This is a classic position from those that are against the Paleo Diet, and yet, it is so easy to demonstrate how wrong this thinking is. Certainly, for the general public that perhaps has little nutritional knowledge, the thought of completely removing a number of elements of what has been thrown at them as a must staple for so many years, may seem less than prudent. However, it is not difficult to run a nutritional analysis on any true Paleo meal that have these elements removed and realize that not only are there no deficiencies, but the nutrient density for the 13 nutrients most lacking in the US diet, compared to the USDA Food Plate (formerly the Pyramid) actually improves, including calcium!  And, there is absolutely no need for careful substitution, simply following the Paleo template that nature has served will provide this nutritional benefit. In spite of this, one should be aware of the hypocrisy of the BDA on this issue. Both the BDA and The Academy of Nutrition and Dietetics (formerly the American Dietetic Association) endorse vegan diets, which eliminate dairy, meat and fish. Accordingly, the BDA is simply hypocritical in their criticism of the Paleo Diet for eliminating dairy.

As I have previously stated in other writings, there are now hundreds of thousands of physicians, naturopaths, nutritionists, chiropractors, conditioning coaches, and other healthcare professionals who advocate for the Paleo Diet and rely on results for their businesses to be successful. As a consequence, millions of people have benefited from adopting this way of eating and it astounds me that the BDA would ignore this reality and instead portray the diet as a “fad celebrity” diet that will be short lived.

However, of even greater concern, is that an organization that claims to use the most up-to-date scientific research to form their positions, appears completely unaware that there are now 15 human experimental studies on the Paleolithic Diet that demonstrate a benefit to adopting this dietary template.1,2,3,4,5,6,7,8,9,10,11,12,13,14,15 In all clinical trials to date, the Paleo Diet outperforms the Food Plate, the Mediterranean Diet, and diabetic diets for a variety of clinical endpoints including weight loss and cardiovascular disease symptoms. There are also many more peer reviewed scientific papers that lend support to the Paleolithic Diet template with which the BDA might benefit from becoming a little more familiar when advising and educating their base.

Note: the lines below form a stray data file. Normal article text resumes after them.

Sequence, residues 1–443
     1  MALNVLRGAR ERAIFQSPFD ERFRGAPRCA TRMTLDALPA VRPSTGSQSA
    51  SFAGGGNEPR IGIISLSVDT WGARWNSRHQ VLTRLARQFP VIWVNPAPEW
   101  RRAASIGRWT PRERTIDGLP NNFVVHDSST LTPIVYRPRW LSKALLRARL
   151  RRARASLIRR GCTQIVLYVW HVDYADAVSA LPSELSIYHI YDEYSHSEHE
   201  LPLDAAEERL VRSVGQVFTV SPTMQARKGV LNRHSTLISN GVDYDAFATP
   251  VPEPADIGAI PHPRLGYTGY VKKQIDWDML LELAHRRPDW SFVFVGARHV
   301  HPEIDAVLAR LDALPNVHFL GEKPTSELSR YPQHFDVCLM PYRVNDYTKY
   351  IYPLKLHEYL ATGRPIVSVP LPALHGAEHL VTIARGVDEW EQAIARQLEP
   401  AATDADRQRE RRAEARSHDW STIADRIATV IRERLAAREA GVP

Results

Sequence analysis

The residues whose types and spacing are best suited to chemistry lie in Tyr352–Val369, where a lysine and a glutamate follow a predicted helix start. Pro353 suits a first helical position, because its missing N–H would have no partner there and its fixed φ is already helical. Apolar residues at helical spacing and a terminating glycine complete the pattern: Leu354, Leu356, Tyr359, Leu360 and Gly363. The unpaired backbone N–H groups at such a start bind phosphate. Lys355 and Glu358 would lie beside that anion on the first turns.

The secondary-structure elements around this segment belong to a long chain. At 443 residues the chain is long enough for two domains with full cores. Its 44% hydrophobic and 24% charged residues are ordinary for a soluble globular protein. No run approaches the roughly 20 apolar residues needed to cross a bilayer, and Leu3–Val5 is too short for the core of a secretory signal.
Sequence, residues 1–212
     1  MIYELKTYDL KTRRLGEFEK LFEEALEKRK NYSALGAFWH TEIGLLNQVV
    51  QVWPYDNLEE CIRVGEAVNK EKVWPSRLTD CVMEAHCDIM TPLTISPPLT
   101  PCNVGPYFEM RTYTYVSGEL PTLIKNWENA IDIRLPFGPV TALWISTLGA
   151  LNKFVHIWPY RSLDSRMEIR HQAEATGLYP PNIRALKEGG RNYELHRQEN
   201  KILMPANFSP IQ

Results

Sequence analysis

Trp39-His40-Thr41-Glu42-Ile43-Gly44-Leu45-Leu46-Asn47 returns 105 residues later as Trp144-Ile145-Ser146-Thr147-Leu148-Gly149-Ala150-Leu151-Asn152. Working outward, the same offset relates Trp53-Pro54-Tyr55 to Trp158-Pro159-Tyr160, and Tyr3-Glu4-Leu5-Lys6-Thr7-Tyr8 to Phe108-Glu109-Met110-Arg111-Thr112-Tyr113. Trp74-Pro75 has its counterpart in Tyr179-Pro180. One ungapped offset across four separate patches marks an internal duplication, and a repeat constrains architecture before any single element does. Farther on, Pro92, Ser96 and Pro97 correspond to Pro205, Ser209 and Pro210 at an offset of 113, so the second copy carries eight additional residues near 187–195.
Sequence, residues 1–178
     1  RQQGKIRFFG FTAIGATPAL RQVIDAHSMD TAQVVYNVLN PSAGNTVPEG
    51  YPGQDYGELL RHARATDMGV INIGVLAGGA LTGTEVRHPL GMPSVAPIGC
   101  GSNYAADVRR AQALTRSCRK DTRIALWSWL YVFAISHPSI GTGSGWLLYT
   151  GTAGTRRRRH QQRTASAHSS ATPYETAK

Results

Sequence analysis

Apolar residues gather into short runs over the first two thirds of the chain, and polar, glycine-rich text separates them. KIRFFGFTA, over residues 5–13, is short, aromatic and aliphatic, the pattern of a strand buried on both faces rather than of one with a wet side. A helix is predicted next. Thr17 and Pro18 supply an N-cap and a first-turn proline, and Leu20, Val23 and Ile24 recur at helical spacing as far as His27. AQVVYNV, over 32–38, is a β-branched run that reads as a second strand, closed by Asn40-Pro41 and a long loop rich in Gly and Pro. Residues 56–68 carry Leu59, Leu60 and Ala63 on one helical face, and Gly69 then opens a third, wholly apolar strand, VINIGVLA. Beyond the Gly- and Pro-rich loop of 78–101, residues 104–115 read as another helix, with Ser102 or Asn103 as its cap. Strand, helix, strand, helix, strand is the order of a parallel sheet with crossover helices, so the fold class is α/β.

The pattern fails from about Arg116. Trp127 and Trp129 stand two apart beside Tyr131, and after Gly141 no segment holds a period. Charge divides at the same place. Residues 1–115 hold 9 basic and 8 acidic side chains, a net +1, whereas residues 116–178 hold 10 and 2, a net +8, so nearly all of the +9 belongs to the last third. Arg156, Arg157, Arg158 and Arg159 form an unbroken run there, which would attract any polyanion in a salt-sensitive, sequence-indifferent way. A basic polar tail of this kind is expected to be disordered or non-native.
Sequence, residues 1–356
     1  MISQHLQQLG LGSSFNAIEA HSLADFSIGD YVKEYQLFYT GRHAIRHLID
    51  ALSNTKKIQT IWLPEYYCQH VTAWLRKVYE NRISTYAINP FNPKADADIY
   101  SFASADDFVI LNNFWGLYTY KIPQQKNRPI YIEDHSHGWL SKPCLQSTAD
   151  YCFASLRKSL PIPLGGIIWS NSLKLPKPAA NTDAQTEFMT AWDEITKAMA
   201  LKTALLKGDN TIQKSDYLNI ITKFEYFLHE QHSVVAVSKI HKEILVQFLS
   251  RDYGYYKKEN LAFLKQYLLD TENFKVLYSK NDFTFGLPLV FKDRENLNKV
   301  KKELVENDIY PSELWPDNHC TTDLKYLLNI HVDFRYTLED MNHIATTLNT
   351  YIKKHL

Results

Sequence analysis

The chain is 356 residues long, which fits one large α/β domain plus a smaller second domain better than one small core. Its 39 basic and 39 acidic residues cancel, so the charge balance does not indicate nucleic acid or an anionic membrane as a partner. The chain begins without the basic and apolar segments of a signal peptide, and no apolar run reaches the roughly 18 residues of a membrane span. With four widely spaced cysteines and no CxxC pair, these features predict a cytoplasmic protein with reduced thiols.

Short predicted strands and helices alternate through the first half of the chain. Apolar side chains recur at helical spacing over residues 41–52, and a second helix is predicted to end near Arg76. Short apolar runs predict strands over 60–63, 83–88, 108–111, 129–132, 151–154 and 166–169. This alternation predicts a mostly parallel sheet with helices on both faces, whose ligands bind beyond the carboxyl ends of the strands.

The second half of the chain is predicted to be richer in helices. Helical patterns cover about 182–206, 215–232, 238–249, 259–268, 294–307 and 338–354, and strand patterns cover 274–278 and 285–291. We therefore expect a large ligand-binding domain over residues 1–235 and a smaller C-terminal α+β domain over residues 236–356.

Here are a few important points that can be found within the published research referenced above that I’m guessing would be unknown to the BDA. Simply put, humans have no whole grain dietary requirement. In fact, whole grains are one of the worst food groups in terms of their nutrient density for the 13 nutrients most lacking in the US diet and are poor sources of fiber compared to fresh fruits and vegetables. Around 5% of the UK (~3.25 million people) and US (~16 million people) populations have either celiac disease or gluten intolerance. Gluten containing grains increase intestinal permeability via the upregulation of zonulin (a protein that modulates the permeability of tight junctions between cells of the digestive tract), and this increased permeability promotes chronic low level inflammation, a universal characteristic underlying CVD, cancer and autoimmunity. Whole grains also contain phytate and other antinutrients, which impair divalent ion absorption. Further, wheat contains wheat germ agglutinin (WGA), which likely enters the systemic circulation (not in plasma but bound to formed elements) and can interact with the immune system. And 65% of the world’s people are lactose intolerant and have no ill effects from eliminating dairy from their diet.